Finally, and most acute this week, are the short-term reasons for failure, which can be laid at the door of the Government and the Conservative Party - the blunders by ministers, a lack of grip from Number 10, a row over party funding which reminds us that standards in political life are no higher, perhaps even lower, than standards generally. Politics is a kind of moral mirror for the country. And the country doesn't like what it sees.
The longer-range social and economic issues, and then the particular dilemmas of this tired and small-majority government, explain why the events of this week have had such resonance. In other times, with a booming economy, a large majority and a more subservient press, the Government could have taken the Mates affair, or Commons rows on the financing of the Tory party, in its stride. But the weak economy and the weak majority have cruelly exposed any weaknesses of leadership, to the extent that the Government is losing the ability to be taken seriously.
Authority, that essential, almost magical, ingredient, has gone. The crown looks like a painted hat, the sceptre like a stick, the king bellows but is ignored. When good things happen, the Government will not get the credit. People now yearn to believe the worst, not the best.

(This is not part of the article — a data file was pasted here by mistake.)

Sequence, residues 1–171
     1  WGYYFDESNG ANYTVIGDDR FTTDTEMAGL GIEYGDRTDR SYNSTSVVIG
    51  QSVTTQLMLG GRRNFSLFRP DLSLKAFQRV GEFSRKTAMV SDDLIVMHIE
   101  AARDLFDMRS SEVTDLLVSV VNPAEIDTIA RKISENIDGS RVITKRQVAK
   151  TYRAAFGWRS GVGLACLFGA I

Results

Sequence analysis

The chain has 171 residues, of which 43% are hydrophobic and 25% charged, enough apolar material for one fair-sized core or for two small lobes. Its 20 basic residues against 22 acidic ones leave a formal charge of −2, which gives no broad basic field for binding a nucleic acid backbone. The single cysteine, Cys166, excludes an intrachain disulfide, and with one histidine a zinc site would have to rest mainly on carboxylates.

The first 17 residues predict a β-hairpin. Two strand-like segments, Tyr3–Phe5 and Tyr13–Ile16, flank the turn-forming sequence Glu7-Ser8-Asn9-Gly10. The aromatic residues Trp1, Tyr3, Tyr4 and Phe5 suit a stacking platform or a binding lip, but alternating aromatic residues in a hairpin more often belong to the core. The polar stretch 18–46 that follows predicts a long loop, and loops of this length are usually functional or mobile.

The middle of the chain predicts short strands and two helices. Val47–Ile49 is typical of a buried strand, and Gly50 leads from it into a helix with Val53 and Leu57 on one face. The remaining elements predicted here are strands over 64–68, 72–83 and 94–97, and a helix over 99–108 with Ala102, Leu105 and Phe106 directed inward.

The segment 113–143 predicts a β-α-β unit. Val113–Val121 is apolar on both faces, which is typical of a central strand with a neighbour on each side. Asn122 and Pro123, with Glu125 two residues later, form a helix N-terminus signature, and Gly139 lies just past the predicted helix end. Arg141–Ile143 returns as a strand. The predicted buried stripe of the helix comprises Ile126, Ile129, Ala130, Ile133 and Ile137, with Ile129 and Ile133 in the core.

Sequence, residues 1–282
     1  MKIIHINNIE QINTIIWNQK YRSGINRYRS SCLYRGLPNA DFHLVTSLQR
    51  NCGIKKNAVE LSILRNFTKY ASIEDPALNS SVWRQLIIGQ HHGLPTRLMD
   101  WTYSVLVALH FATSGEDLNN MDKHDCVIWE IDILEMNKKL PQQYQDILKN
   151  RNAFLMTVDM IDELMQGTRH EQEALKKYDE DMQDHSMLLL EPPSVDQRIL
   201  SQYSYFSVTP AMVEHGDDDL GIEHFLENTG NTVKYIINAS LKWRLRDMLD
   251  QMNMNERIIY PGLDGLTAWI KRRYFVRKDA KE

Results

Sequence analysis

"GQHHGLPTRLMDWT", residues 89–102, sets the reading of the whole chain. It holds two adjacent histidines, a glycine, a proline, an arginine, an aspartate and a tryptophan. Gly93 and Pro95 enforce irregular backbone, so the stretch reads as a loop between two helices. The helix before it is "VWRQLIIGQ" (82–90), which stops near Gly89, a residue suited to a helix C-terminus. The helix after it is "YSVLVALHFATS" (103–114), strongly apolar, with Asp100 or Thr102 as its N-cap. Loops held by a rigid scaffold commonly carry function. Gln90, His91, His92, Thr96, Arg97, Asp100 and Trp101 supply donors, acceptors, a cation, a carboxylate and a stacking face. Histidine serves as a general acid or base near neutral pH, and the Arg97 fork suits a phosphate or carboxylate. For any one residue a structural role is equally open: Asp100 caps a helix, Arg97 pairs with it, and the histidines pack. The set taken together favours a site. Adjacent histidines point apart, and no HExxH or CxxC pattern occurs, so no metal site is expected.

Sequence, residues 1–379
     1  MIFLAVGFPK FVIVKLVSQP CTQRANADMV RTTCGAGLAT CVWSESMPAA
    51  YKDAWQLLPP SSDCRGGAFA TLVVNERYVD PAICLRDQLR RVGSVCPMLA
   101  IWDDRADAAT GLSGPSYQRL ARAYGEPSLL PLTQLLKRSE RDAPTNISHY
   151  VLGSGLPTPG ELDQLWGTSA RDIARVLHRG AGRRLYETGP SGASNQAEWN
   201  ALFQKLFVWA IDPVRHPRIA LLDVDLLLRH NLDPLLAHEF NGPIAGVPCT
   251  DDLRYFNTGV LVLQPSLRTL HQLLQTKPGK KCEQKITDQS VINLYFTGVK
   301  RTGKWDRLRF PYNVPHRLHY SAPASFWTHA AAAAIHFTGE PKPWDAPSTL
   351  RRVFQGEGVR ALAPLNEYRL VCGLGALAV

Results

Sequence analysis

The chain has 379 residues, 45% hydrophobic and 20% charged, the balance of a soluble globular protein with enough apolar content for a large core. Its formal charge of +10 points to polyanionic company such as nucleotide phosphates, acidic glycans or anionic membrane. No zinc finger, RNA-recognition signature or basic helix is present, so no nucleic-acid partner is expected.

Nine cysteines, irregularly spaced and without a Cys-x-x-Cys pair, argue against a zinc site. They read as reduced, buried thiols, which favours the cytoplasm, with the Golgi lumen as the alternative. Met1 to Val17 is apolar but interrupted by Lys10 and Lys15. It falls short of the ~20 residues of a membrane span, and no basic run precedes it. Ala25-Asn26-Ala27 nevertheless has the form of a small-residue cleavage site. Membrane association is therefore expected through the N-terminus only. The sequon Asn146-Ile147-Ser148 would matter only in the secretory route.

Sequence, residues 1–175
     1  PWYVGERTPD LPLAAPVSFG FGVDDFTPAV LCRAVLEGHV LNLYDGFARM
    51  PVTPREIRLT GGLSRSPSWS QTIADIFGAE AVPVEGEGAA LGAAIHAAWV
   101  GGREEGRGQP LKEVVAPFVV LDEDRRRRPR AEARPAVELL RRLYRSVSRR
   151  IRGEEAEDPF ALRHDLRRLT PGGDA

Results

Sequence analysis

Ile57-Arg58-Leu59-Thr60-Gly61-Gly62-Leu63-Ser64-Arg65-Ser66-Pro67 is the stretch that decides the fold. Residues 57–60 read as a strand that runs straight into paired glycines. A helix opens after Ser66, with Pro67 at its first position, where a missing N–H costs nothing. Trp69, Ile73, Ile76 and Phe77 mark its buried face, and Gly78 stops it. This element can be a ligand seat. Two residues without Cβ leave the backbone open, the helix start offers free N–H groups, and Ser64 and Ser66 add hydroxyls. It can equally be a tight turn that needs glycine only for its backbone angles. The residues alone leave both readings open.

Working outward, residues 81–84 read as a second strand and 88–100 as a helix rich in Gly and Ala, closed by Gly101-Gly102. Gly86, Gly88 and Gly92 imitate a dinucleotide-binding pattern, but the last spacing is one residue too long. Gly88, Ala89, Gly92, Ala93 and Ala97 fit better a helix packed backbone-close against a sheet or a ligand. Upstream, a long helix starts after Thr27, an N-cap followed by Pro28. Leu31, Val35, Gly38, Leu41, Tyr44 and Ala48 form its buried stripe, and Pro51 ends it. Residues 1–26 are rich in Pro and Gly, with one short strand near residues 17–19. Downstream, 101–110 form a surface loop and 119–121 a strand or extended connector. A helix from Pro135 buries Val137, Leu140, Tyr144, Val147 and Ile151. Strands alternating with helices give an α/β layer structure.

AT LEAST in the final period of Mrs Thatcher's leadership there was a feeling that an era was ending, that something new and full of hope might emerge from the rubble - that the thunderhead would inevitably break. But not now. The crucial difference is that there seems no quick exit from today's dirty, sweaty political turmoil, no clean break available to alternative leaders of courage and decision.
No one believes that getting rid of the Prime Minister would allow his party or the country to escape into clear water. Compared with 1990, the excitement at Westminster three years on is febrile, degraded, lacking optimism about the future, never mind any alternative programme.